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No gas price cap in EC’s draft power proposals – leak


13 Sept 2022 12:20

Foto: Pixabay

Foto: Pixabay


13 Sept 2022 12:20

(Montel) There were no gas price caps in draft unofficial European Commission proposals for emergency measures to address soaring power prices seen by Montel on Tuesday.

The EC had last week recommended a temporary price cap on Russian pipeline imports after reduced flows since the start of the war in Ukraine had helped to send European gas prices skywards.

But the measure is controversial, with EU countries more dependent on Russian gas such as Austria and Hungary against it.

The EC draft proposals included a cap on market revenues for low-cost power generators, coordinated EU power demand cuts, options to regulate retail prices below cost and a profit-based contribution from fossil fuel companies to help governments support end-users.

These would be temporary measures focused on mitigating excessively high energy prices this winter.

The EC is expected to present formal proposals on Wednesday, after its president Ursula von der Leyen outlines them in a speech to the European Parliament.

The unofficial draft did not include specific figures on the level of the market revenue cap, but an earlier draft suggested EUR 200/MWh.

The market revenue cap would apply to power generated from renewables, nuclear, lignite and oil-fired power, with an exception for bio-methane. It would cover both power exchange and over-the-counter trading, power purchase agreements (PPAs) and other hedging against power price fluctuations, said the draft.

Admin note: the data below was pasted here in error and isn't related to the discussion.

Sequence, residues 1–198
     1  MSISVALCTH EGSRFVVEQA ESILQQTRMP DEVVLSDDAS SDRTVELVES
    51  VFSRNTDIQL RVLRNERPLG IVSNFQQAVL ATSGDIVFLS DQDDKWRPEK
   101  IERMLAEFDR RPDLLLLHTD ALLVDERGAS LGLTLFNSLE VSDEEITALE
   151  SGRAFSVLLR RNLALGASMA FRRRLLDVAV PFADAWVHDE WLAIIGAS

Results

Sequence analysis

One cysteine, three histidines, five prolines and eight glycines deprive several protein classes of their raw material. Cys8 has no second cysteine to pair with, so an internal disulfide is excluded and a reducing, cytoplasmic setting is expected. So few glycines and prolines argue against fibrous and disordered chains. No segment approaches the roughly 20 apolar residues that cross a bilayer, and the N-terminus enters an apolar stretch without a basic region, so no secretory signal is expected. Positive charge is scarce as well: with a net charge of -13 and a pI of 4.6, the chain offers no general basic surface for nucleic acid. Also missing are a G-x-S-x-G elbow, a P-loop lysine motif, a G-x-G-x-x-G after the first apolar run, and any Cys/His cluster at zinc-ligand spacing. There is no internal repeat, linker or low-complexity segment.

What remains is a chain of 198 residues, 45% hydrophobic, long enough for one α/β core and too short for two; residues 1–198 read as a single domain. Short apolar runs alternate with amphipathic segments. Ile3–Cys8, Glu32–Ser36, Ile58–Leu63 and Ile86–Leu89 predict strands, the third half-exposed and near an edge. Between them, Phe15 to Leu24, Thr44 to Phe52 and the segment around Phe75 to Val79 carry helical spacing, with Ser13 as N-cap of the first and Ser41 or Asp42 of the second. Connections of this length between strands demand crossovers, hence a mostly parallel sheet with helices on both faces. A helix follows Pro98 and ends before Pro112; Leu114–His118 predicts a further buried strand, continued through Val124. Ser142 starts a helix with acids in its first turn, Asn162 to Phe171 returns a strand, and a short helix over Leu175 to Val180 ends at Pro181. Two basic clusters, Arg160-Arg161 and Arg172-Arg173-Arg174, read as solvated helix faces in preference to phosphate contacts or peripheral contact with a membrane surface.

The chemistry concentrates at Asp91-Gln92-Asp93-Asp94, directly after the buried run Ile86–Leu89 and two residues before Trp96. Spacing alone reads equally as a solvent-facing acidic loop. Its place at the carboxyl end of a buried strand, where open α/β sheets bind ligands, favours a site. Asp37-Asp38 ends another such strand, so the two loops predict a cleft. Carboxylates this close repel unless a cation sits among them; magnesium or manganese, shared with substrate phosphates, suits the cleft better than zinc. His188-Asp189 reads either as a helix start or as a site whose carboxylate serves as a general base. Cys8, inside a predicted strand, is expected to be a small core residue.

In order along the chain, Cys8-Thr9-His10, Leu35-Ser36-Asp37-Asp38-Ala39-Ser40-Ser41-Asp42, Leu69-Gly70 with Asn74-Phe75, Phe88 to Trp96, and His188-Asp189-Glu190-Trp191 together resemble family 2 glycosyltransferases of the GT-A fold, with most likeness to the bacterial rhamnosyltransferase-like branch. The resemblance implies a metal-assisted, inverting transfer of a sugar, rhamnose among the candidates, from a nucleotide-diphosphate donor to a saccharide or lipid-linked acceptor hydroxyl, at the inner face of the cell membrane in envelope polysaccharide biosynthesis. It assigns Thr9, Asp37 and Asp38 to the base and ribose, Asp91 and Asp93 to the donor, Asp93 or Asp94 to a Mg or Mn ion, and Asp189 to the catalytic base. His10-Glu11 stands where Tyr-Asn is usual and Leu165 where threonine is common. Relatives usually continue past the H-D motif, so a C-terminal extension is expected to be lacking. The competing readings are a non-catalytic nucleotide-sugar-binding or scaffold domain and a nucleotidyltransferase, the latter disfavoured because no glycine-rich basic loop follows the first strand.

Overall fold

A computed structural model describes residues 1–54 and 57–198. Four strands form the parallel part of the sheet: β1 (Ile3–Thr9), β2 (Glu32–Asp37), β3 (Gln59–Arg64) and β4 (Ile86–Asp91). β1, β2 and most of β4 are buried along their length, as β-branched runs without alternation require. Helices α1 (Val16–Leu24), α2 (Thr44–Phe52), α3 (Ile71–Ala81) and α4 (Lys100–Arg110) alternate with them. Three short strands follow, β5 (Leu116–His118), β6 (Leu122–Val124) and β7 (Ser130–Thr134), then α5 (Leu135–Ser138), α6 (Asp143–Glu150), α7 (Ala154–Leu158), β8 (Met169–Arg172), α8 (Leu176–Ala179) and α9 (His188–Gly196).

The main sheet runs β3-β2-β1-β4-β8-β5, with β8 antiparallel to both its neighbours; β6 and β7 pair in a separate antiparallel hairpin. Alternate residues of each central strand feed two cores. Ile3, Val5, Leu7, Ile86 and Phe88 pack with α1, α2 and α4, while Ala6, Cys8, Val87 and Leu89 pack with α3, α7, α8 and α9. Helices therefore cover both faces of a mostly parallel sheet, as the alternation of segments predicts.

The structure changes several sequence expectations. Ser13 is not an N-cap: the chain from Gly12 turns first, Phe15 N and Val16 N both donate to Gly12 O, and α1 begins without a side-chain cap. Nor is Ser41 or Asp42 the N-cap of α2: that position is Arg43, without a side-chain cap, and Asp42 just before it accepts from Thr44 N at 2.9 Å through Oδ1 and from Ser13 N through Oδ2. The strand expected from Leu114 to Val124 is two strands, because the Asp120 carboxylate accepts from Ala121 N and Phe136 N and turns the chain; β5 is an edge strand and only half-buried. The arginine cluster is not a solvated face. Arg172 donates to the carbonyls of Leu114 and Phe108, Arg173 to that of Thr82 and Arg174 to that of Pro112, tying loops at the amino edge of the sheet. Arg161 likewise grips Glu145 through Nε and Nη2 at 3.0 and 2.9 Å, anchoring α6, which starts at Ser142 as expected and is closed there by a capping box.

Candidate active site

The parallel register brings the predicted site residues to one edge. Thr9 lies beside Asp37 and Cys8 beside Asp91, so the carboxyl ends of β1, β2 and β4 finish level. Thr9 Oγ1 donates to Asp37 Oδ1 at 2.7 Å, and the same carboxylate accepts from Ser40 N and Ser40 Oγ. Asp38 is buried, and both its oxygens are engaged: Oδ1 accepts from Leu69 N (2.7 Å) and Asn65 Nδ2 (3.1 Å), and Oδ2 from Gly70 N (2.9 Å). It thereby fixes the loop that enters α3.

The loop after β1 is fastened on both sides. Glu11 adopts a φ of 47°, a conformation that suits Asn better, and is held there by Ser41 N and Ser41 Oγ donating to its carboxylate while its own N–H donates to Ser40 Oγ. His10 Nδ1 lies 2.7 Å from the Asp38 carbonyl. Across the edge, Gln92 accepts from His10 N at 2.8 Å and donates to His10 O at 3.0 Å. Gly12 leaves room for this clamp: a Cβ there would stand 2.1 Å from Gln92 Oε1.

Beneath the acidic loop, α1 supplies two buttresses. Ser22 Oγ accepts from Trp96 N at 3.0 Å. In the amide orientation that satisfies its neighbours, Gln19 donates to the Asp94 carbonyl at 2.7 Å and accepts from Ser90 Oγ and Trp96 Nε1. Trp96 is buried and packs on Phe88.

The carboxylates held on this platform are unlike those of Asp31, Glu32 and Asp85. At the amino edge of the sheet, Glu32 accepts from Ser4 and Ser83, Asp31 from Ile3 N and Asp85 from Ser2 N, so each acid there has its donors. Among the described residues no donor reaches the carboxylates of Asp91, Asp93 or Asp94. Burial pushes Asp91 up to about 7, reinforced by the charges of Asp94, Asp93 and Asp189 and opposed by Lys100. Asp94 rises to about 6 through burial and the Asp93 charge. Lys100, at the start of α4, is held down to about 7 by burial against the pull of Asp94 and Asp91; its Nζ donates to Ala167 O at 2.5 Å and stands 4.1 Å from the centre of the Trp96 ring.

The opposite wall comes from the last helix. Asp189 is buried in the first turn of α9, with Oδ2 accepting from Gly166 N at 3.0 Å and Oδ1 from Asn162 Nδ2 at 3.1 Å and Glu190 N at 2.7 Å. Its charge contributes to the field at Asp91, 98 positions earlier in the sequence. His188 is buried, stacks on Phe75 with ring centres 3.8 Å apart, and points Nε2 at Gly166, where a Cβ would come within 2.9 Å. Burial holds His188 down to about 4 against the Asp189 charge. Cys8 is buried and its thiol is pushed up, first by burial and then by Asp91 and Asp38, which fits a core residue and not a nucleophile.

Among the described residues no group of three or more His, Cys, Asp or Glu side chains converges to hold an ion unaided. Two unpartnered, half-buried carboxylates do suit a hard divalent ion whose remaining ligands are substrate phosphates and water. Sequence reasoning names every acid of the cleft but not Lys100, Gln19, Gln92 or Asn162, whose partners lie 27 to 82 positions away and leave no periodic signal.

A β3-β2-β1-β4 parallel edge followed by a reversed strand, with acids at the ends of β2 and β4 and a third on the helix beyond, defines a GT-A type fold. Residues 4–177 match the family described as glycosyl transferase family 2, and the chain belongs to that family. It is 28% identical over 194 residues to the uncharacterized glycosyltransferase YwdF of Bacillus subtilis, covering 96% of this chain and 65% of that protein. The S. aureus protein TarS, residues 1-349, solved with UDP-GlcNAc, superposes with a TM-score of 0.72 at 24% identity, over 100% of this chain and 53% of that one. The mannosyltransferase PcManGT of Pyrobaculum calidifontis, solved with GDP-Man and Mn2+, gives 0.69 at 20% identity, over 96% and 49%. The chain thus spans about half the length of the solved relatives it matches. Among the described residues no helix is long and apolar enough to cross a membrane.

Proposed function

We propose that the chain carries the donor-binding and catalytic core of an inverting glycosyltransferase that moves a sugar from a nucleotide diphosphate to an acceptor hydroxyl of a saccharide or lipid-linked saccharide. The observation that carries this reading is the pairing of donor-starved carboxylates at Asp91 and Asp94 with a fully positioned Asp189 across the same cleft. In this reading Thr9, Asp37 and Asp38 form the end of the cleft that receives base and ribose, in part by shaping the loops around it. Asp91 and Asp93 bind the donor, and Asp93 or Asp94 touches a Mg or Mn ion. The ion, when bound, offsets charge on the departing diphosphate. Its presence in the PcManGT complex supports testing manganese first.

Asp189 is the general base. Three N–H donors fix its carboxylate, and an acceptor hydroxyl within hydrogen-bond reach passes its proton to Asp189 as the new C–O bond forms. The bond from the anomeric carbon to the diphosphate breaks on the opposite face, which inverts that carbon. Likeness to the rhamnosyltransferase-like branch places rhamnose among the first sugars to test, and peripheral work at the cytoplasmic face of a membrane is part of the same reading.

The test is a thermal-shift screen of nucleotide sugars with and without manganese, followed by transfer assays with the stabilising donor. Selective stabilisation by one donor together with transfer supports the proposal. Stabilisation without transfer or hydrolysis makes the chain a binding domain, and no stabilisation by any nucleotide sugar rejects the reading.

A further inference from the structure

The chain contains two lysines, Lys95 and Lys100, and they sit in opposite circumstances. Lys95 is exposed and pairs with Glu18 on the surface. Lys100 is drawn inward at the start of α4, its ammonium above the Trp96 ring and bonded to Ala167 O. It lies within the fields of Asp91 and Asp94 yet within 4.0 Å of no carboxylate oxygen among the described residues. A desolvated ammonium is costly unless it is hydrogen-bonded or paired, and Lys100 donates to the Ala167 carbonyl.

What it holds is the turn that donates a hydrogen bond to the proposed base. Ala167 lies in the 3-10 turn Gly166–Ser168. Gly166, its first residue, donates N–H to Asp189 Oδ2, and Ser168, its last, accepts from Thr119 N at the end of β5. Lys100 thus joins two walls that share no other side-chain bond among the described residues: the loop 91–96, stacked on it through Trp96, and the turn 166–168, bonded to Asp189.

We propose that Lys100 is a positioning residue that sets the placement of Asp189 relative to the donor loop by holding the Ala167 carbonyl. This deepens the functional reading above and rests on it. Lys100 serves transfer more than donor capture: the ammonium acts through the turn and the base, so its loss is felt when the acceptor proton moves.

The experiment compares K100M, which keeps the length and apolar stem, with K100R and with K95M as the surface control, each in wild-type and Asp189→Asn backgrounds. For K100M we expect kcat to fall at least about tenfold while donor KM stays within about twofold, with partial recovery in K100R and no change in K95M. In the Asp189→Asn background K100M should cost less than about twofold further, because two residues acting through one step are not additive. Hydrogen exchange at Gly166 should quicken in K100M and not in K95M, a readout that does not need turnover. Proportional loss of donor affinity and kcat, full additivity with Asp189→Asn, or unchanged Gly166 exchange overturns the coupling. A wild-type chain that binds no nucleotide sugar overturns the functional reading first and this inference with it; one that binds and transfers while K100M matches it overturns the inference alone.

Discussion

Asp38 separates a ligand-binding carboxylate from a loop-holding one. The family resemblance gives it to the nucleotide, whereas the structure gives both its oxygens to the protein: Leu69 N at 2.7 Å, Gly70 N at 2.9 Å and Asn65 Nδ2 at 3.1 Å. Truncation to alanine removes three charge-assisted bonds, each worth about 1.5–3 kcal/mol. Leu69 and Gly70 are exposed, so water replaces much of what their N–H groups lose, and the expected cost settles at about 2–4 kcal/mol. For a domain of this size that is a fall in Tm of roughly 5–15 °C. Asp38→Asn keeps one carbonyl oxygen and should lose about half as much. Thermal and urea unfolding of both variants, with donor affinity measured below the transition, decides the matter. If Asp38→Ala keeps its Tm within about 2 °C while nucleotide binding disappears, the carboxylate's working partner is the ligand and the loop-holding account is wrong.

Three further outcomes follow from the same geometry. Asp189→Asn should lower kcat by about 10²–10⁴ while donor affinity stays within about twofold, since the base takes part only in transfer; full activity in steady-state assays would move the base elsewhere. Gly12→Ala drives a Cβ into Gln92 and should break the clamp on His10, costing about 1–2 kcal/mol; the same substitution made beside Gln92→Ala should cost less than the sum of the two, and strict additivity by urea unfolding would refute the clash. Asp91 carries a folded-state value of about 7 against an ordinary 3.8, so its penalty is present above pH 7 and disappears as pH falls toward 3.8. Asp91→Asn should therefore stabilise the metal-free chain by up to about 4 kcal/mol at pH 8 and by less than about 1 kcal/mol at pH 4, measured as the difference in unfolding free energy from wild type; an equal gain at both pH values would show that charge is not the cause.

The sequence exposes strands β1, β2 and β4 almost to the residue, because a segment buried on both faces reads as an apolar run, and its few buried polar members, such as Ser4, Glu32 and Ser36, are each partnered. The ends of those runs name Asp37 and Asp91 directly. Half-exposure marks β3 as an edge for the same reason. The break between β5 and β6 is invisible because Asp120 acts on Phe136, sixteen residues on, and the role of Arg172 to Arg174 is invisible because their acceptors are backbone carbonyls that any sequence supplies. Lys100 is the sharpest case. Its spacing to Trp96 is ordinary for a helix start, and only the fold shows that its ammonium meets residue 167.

However, it would only apply to actual realised market revenues, so producers who had already hedged or sold power under PPAs for prices below the cap would not be affected.

The draft also specifically urged national governments to promote renewable PPAs, including by using compatible support schemes and guarantees of origin.

Governments could use both the revenues above the cap in the power markets plus the proposed “solidarity” contribution from fossil fuel companies’ surplus profits in their 2022 fiscal year to fund support for households and companies facing record high energy prices.

This could include setting regulated prices below cost and subsidising the utilities affected by them, as well as extending regulated prices to small and medium enterprises.

Demand cuts
National governments would have to cut their demand for selected peak hours by a yet-to-be decided amount, with earlier drafts suggesting at least 5% on average compared to that forecast by the transmission system operators.

The peak hours would normally be when power prices were highest, but could also be when renewables output was expected to be low and marginal gas-fired plants would be needed to meet demand.

This approach could cut gas demand by around 1.2bcm or nearly 4% this winter, said the draft.

National governments would also have a voluntary goal to cut their total monthly power demand compared to the average over the previous five years. An earlier draft suggested this goal should be at least 10%.

The proposals are set to be based on emergency provisions that only require a qualified majority approval from the ministers acting in the EU Council, which can happen very quickly.

The Czech EU presidency has said it hopes to have an accord between the ministers and the EC on such urgent measures by the end of September.

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